John MacArthur’s book, The Truth about the Lordship of Christ, is a tiny book with a huge message. Unlike many other ‘basic’ books for Christians, this book doesn’t water down the truth of the gospel of Christ in the slightest, something that’s becoming harder and harder to find, unfortunately. But this book almost makes up for all of the deficiencies of the others. Christ seeps out of every pore of this book.
At first, you’d think that a simple book about how Christ is Lord wouldn’t run too much into the basic gospel and what the faith is all about. But you’d be wrong, because as MacArthur shows, Christ as Lord is the central truth of the faith of Christianity. Rather than being a boring doctrinal book, this book is alive and breathing, filled with the Word of God and life-changing, if not new, ideas about Christ.
It’s sad that a book with the pure, straight Gospel in it is considered so radical. As MacArthur so accurately pinpoints, the Gospel has fallen out of our lifestyles as Christians, “The norm is not to let Christianity disrupt your lifestyle.” His book revolves around countering — no, destroying — this perception. MacArthur cuts out this avoidances of the heart of the matter; enough of the empty Christianity and the unchanged lives. This book is a close, clear, Biblical look at what the Gospel is, what it does to us, and what humans changed by the Gospel look and act like. It’s not boring, it’s not Sunday morning services, it’s the straight, clear Gospel that changes peoples’ lives and glorifies God.
There lies the second thrust of MacArthur’s book. Our attention is too fixated on ourselves. It’s not about us: it’s about glorifying God. MacArthur makes this very clear, “But as important as fellowship, teaching, and praise are, the primary motive of the church is to glorify God. The apostle Paul described salvation as being “to the praise of the glory of his Grace” (Ephesians 1:6).” This ties in totally with his previous message: we’re changed not for ourselves: we’re changed to glorify God, we’re changed so that we can glorify God.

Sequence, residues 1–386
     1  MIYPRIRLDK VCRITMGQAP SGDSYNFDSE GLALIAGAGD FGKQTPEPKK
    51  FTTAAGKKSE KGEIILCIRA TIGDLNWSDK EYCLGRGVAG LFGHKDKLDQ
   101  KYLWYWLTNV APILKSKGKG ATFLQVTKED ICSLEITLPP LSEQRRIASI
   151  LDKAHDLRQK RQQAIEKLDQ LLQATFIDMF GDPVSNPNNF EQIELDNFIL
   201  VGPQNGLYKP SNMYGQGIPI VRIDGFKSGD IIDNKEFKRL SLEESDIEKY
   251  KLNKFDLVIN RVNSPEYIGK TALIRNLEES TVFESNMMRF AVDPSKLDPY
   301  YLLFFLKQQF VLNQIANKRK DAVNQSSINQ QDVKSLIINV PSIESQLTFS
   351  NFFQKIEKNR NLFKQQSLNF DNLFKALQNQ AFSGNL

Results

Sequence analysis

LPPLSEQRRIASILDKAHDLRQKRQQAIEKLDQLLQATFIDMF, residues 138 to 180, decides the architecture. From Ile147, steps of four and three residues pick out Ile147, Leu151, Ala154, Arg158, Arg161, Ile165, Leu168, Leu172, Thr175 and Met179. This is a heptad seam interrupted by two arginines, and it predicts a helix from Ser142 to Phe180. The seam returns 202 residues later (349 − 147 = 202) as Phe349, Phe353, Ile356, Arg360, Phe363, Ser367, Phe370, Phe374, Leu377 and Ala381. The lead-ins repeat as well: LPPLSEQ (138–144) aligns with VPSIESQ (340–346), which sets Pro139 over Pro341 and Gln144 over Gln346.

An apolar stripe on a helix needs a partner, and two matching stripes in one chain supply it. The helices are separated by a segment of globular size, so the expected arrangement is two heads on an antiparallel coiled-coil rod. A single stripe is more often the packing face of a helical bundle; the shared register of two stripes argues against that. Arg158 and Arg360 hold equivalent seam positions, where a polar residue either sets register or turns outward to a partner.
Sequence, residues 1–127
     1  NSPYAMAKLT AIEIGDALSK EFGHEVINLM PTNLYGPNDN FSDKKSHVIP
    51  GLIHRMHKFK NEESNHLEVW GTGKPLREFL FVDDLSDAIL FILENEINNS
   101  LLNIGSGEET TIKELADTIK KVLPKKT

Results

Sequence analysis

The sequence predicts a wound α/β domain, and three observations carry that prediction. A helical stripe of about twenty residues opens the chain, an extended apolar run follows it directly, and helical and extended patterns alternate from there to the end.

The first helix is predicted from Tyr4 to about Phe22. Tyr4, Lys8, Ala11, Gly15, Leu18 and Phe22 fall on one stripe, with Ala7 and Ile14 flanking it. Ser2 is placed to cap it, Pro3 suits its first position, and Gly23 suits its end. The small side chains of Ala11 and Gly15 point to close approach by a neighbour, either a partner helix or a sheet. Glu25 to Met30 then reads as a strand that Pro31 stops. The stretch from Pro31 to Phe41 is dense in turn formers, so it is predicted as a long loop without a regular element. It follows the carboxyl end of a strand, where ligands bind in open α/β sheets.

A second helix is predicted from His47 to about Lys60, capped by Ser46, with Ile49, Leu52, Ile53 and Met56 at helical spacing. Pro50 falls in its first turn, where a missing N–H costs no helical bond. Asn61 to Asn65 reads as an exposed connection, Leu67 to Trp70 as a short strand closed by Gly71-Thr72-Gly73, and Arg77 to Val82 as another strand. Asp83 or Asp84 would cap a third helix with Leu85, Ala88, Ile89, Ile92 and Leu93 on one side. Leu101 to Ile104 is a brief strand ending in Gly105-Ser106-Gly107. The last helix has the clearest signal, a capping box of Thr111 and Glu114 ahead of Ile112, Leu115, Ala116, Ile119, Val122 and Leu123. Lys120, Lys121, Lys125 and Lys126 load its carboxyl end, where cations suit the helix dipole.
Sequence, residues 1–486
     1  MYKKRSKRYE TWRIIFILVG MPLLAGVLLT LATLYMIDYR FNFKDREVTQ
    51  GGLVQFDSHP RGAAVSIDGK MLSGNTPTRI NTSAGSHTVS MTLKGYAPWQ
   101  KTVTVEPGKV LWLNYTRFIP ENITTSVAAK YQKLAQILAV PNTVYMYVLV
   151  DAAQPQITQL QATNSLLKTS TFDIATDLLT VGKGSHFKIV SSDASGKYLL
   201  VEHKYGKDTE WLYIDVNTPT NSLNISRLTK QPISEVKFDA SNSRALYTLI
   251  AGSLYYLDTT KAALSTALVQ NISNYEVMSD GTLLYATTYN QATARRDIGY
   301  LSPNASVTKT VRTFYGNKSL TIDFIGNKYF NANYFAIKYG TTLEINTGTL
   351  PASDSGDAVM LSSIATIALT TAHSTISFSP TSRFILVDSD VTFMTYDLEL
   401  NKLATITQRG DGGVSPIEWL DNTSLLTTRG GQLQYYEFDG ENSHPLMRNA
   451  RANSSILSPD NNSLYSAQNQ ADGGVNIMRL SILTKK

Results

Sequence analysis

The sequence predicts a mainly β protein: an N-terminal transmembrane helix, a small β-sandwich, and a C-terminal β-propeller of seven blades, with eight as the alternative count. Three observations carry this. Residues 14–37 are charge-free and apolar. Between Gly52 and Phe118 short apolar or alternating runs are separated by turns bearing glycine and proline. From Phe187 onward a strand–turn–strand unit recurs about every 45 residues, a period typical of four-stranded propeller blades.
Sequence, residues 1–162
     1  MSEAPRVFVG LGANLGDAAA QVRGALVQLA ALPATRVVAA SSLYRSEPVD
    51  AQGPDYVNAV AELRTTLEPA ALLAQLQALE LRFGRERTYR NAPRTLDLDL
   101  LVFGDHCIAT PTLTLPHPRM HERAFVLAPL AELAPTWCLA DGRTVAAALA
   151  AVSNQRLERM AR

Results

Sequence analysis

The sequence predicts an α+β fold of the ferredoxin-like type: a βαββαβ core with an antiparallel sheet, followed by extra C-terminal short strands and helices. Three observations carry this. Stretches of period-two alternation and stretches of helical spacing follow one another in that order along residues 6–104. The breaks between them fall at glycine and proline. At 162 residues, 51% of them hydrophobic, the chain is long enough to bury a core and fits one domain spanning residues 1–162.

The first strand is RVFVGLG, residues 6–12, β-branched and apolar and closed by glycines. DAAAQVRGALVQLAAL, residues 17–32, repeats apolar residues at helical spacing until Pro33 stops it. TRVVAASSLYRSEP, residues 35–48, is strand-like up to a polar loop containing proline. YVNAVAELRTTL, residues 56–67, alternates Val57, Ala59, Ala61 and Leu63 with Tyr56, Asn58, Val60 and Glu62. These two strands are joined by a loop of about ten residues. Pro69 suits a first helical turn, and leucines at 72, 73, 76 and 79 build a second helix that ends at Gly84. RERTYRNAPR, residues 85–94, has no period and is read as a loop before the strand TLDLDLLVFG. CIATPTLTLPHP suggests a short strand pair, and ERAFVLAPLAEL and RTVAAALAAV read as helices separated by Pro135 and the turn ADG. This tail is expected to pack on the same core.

What makes this book truly great, though, is not its solid subjects and teaching on them. This book is filled completely and totally with passion. When MacArthur talks of being changed by Christ his own life is obvious as an example. He’s a fellow human who’s been totally changed by this and wants — needs — to share it. And it’s not just MacArthur rambling on some stuff he thinks he’s qualified to speak on (unlike some other authors): this is all straight from Scripture. Bible verses are used as punctuation marks, and in a completely excellent way. MacArthur isn’t trying to use the verses to back up his argument: the Bible is his argument.
Overall, MacArthur’s book is refreshing and sorely needed. It’s firmly grounded in scripture when most Christian books are not. It’s firmly grounded in the Gospel while the chuch is drifting. It’s firmly grounded in God, not in Man. Best of all, it’s firmly grounded: there’s no polite stepping around or avoidance of ‘uncomfortable’ topics. It’s a real book for real life, and I highly recommend it.
Published on 9 August, 2012. Last updated on